By 1990, between getting married, having children and beginning an investment-banking career, Ken Moore had compiled an impressive collection of data on World War II, particularly surrounding the events that had unfolded in and around Tinian Island.

After the Freedom of Information Act was passed, he was able to determine that there had been radio contact with “The Life of Riley” on the evening of March 24, 1945. In part, the crew reported an “engine on fire.”

At the time of the report, the craft was an estimated 28 miles southeast of Guguan Island, which is located within a string of islands 1,600 miles off the coast of Japan.

Moore kept digging. After tracking down information from his uncle’s widow, members of the military and islanders who had lived near the area during World War II, Moore was able to pinpoint nearly 300 potential crash sites.

Over time a picture began to emerge of what had happened to “The Life of Riley.”

On March 24, 1945, the aircraft and its nine-member crew departed on a top-secret solo flight. Their destination: Pagan Island to drop more than 20,000 pounds of bombs on an isolated Imperial Japanese stronghold.

Moore theorized that they completed their top-secret mission, but in the process were hit by enemy fire. As the plane headed back to Tinian, the crew radioed in a mayday call reporting an engine on fire.

Still 184 miles away from the base, the decision was made for “The Life of Riley” to double back to attempt a landing on or near Alamagan Island, a lush tropical paradise just 32 miles from Pagan Island. Moore was able to narrow the crash site to the island’s lagoon, an ideal place to ditch a plane with such an expansive wingspan.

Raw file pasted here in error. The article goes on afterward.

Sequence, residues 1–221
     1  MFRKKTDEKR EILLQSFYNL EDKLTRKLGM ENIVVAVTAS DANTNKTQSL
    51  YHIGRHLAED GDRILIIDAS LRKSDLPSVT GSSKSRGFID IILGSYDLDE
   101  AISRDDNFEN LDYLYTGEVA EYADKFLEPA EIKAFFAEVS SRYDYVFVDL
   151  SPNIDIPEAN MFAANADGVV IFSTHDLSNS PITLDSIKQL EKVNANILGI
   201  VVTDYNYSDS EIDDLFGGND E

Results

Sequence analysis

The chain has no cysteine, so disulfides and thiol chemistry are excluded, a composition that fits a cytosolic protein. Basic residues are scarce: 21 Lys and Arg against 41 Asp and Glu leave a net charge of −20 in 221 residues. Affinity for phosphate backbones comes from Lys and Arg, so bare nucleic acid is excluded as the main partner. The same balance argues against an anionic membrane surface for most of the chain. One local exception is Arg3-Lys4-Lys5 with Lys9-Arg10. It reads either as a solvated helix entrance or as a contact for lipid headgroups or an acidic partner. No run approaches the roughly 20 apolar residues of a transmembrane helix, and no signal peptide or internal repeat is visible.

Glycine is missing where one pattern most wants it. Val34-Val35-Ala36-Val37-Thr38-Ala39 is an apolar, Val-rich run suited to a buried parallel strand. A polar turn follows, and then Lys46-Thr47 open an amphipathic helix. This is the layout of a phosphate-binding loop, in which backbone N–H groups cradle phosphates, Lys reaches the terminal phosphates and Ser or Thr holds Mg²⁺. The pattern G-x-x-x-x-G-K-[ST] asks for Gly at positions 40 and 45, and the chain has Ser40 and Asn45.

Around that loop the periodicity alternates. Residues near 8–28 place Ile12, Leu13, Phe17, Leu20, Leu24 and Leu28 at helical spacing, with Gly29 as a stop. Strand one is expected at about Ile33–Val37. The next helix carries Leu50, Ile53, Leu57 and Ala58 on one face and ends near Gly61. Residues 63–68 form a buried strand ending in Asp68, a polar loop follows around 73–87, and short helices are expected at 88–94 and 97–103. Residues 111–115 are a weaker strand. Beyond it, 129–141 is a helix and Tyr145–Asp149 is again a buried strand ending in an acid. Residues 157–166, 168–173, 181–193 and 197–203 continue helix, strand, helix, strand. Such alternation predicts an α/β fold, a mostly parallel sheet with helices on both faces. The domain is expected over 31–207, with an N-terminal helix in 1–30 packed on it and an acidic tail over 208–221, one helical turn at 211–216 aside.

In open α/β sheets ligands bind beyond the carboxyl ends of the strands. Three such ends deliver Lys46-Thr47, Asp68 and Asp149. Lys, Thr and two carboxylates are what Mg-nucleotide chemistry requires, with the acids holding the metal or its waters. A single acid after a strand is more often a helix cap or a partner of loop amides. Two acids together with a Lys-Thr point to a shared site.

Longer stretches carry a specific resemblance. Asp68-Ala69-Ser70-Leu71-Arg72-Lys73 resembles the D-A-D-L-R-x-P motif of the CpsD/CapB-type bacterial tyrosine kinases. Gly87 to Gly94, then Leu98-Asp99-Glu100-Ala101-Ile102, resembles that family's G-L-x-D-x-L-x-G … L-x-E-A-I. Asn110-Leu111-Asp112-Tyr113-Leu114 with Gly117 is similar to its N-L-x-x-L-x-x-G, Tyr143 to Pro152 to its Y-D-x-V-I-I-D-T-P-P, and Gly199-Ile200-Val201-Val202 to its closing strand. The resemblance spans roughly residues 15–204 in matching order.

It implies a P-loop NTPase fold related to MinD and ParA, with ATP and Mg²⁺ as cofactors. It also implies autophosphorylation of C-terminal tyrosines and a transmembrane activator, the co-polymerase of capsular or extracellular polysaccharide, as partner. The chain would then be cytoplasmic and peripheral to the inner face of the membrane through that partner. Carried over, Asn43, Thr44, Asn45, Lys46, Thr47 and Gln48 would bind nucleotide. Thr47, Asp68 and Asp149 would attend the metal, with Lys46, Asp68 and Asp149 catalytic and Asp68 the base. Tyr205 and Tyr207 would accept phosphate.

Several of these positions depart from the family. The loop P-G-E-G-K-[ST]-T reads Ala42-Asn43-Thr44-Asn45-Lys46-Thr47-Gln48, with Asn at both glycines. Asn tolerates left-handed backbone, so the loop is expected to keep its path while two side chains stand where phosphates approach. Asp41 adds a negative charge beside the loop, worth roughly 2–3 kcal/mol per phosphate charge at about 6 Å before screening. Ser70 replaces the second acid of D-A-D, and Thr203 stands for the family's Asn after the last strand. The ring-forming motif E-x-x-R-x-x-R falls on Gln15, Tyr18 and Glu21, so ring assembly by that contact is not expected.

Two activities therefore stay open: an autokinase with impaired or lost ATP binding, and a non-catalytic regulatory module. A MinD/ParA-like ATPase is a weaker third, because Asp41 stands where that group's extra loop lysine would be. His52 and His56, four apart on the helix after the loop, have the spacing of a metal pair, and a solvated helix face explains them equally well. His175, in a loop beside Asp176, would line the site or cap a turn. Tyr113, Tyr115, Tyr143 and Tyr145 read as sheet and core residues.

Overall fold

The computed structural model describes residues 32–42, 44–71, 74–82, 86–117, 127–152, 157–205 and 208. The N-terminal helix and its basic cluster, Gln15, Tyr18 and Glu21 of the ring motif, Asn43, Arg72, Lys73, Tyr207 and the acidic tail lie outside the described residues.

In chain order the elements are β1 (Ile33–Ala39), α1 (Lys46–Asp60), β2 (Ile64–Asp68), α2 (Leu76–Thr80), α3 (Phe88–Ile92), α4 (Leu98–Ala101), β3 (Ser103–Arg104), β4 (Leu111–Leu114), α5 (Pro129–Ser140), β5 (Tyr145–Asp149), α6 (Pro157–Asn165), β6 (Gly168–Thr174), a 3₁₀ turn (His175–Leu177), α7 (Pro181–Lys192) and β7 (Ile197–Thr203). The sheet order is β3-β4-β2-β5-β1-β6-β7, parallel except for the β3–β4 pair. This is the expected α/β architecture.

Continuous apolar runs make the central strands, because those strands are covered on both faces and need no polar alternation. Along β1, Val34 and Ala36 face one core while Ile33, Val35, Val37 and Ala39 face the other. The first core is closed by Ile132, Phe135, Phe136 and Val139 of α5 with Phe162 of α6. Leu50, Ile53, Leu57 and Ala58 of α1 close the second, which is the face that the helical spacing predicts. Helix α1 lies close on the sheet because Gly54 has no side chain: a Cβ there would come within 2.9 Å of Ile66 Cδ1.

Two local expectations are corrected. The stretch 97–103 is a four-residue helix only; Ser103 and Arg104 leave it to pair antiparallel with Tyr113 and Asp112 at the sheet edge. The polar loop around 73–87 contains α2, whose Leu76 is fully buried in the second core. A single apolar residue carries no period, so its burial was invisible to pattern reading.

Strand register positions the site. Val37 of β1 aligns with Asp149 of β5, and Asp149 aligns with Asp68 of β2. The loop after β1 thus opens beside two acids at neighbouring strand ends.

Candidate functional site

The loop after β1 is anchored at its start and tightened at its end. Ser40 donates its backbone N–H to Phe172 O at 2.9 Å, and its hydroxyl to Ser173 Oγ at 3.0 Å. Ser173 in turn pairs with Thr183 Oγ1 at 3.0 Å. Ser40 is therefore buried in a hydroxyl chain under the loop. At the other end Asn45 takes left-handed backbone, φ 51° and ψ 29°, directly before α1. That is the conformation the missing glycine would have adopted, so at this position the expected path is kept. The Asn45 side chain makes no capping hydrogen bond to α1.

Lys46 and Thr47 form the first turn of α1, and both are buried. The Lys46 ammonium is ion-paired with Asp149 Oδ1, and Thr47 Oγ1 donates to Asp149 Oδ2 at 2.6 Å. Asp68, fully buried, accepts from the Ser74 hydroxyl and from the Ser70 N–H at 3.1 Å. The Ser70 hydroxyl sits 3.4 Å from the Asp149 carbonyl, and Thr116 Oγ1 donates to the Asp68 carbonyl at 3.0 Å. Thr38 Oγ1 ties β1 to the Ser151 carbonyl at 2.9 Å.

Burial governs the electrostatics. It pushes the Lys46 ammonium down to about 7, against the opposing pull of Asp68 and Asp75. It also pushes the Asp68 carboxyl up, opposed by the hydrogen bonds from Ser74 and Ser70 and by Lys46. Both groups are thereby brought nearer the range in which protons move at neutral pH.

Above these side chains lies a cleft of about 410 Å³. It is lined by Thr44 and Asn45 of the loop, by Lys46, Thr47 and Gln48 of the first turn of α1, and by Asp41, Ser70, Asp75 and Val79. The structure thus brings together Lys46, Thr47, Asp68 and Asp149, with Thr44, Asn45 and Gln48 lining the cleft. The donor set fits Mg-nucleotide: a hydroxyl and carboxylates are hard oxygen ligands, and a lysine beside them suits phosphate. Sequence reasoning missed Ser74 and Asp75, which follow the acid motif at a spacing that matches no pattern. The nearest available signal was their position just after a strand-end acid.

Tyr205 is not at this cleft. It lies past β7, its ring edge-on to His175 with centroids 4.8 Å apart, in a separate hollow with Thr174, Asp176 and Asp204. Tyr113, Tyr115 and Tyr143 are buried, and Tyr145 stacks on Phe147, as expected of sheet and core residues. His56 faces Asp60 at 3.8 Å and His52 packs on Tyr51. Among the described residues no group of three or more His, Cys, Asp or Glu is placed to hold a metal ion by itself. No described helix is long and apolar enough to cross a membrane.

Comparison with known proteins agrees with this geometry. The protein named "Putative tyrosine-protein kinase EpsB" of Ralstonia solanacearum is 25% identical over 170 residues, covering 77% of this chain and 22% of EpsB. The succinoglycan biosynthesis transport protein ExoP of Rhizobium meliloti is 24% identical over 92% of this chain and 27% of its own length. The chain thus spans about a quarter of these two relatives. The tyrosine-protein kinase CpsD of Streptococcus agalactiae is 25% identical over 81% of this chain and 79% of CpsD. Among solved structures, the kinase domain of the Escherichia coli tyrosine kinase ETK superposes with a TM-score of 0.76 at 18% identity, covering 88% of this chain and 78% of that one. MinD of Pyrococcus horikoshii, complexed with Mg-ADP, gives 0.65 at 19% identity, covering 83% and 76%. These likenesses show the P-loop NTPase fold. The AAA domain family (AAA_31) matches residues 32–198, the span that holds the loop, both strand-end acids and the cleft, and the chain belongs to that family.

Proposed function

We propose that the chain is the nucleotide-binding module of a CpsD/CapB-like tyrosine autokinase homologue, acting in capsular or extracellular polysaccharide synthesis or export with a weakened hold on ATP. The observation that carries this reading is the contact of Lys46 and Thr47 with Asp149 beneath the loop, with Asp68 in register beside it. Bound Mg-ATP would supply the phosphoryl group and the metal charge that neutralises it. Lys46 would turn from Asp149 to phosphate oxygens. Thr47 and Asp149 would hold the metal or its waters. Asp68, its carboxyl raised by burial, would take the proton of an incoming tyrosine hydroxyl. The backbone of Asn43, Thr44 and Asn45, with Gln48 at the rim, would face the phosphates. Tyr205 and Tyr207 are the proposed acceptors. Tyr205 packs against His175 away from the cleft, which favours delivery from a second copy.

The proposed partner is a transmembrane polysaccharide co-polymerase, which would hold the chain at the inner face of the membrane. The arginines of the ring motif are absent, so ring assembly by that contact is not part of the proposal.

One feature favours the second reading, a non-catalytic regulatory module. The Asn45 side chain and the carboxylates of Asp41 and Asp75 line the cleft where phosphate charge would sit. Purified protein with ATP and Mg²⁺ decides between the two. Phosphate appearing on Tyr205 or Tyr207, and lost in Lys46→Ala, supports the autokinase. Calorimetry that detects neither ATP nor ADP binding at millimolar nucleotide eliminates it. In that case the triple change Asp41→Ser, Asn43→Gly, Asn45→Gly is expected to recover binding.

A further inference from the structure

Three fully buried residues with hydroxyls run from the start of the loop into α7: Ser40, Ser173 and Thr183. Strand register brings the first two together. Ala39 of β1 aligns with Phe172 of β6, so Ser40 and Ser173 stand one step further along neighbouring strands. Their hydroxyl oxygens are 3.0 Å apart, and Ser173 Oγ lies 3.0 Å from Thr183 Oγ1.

To explore his theory, in 1998 Moore took his first trip to the Pacific. For four months, he and two friends hiked through the mountains and jungles of Tinian and surrounding islands.

A year later, he returned for the second time, with the intent of exploring Alamagan’s lagoon. Hiring a group of professional divers, boatsmen and adventurers, Moore assembled a team of 10 men to search for the plane.

On April 29, 1999, Moore’s team finally dropped anchor just outside the lagoon. About 300 yards off the Alamagan Island, they made an amazing discovery. Submerged under 70 feet of water was a B-29—“The Life of Riley.” There were no bodies onboard.

It was then that Moore finally learned what had happened to his uncle. Billy and the crew hadn’t perished in the crash as the military had concluded. Instead, the crew had ditched the plane and likely survived.

Years later, Moore learned through Russian documents that not only had his uncle Billy survived, but that he likely hadn’t died until 1991, after serving about 45 years as a prisoner in a Soviet labor camp. For Moore, it was unfathomable that the military’s efforts to recover the crew had failed.